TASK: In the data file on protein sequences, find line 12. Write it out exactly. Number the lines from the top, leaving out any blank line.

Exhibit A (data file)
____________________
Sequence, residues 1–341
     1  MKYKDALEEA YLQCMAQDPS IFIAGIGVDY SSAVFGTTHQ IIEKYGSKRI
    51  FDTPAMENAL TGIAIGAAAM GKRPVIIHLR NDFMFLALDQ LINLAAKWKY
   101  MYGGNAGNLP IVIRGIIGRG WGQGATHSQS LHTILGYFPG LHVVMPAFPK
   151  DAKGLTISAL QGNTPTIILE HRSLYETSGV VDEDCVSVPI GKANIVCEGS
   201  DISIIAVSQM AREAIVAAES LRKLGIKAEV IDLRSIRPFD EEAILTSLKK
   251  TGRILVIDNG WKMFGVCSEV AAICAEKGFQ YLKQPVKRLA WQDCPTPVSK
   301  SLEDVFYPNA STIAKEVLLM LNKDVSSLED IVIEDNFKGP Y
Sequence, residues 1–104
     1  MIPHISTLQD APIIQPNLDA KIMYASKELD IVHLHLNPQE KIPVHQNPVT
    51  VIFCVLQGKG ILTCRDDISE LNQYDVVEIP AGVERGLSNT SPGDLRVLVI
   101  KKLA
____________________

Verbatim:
   101  KKLA